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Taxonomische classification
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Author: (Maclay and Macleay, 1884)

Field Marks:
Dorsal fins with spines, anal fin present, first dorsal origin over pectoral bases, colour pattern of 12 broad, irregular-edged, dark saddle-marks on a light background.

Diagnostic Features:
Supraorbital ridges low, not abruptly ending behind eyes; molariform teeth in rear of mouth greatly expanded and rounded, without medial ridges. First dorsal origin over pectoral bases; apex of anal fin falling well short of lower caudal origin; anal base nearly or quite 2 times in space between anal base and lower caudal origin. Colour light brown with broad, dark brown saddle-marks. Egg cases with simple, flat, broad paired spiral flanges, diagonal to case axis and with 3 turns visible on sides, case apex with very short tendrils.

Geographical Distribution:
Western North Pacific: Off Japan, Korean Republic, northern China including Taiwan Island.

Habitat and Biology:
A common, temperate-water bullhead shark of the western North Pacific continental shelf, occurring at moderate depths of6 to 37 m, on or near the bottom. It prefers rocky and kelp-covered bottom.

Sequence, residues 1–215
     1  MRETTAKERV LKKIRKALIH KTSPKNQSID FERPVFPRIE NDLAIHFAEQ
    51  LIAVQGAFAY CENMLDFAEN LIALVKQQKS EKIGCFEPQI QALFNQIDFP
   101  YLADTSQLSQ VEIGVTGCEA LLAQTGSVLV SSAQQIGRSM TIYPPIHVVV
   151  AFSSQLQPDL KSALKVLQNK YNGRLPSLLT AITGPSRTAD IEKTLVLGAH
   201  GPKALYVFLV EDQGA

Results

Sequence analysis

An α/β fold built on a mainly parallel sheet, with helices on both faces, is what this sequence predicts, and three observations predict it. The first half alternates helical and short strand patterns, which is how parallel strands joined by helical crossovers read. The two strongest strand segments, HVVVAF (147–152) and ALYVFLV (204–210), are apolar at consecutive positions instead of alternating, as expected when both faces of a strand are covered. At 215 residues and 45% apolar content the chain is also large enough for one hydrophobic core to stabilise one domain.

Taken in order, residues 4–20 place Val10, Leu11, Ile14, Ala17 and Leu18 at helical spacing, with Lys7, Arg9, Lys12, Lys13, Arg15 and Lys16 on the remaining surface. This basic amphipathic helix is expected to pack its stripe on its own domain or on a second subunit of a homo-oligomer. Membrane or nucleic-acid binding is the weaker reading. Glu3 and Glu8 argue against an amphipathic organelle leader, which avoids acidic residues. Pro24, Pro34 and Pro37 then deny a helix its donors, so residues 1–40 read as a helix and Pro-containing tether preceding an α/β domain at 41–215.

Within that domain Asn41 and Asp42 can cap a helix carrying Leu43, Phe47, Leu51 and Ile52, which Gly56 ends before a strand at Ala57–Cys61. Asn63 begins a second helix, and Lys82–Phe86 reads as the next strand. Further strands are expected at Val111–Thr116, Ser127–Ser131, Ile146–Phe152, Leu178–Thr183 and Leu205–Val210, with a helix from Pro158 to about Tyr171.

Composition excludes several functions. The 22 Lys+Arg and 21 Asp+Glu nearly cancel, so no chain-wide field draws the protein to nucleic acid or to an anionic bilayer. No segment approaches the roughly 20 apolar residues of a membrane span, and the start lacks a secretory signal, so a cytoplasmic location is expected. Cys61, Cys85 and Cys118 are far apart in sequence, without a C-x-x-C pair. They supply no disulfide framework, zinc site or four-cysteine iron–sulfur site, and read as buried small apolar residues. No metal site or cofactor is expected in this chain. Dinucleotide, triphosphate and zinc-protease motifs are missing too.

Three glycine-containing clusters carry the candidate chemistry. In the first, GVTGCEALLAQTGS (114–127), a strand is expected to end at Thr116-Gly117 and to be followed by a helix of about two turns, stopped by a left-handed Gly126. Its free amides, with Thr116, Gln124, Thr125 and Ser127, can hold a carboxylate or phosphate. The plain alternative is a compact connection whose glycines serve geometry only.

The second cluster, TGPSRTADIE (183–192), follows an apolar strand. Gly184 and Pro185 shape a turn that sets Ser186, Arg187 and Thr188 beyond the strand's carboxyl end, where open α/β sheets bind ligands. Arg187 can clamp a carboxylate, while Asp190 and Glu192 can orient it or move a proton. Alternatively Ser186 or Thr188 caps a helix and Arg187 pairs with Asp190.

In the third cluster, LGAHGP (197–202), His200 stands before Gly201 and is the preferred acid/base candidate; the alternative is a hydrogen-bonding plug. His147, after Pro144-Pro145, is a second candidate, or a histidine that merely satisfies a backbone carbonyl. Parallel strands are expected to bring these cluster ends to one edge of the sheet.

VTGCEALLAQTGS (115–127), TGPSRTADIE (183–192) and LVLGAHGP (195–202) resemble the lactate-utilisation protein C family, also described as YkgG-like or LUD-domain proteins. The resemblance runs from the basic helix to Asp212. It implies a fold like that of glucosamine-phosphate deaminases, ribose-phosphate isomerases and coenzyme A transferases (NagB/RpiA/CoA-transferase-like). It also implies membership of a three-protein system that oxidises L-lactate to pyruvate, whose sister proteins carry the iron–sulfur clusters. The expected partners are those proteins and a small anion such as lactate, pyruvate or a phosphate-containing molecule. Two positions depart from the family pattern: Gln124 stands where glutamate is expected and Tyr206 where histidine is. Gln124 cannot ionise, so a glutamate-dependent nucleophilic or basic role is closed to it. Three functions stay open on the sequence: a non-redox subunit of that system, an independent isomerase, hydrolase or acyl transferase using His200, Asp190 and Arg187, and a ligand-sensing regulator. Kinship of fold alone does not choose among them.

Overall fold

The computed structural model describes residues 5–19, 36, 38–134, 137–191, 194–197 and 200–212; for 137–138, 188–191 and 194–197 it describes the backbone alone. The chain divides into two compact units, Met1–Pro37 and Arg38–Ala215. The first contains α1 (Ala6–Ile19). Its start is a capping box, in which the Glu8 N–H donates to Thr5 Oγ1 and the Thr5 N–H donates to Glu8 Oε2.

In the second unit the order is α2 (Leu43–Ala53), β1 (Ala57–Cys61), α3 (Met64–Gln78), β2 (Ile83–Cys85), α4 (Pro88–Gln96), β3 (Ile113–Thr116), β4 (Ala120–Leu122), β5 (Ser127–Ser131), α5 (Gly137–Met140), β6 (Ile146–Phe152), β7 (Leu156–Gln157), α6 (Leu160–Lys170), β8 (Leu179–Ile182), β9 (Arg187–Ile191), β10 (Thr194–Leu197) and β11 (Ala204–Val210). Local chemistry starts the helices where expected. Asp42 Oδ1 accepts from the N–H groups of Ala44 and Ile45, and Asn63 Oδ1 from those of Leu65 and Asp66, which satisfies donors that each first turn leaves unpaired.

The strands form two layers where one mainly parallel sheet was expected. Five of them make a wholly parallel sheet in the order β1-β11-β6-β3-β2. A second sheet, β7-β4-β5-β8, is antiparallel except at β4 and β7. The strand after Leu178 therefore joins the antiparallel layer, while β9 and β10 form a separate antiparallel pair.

This is a sluggish, slow-swimming shark, easily caught by divers. It slowly explores the bottom, swimming and 'walking' with its mobile paired fins.

Oviparous, laying its large spiral-cased eggs among rocks or in kelp, at depths of about 8 or 9 m; several females may lay their eggs in a single site, termed 'nests', although these apparently do not guard these sites after laying. In Japanese waters eggs are dropped from March through September, most abundantly in March through April; each female usually lays two eggs at a time, for 6 to 12 spawnings. Eggs hatch in about a year.

The Japanese bullhead shark feeds on crustaceans, molluscs (including top shells), small fishes and sea urchins. It can protrude its jaws a considerable distance while grabbing prey.

Maximum total length about 120 cm, males adult at 69 cm. Size at hatching about 18 cm.

Interest to Fisheries:
Probably minimal, caught and eaten in Japan and presumably elsewhere in its range.

Type material:
Holotype: Australian Museum, Sydney, female. Type Locality: Tokyo, Japan.

Japanese bullhead shark (Heterodontus japonicus)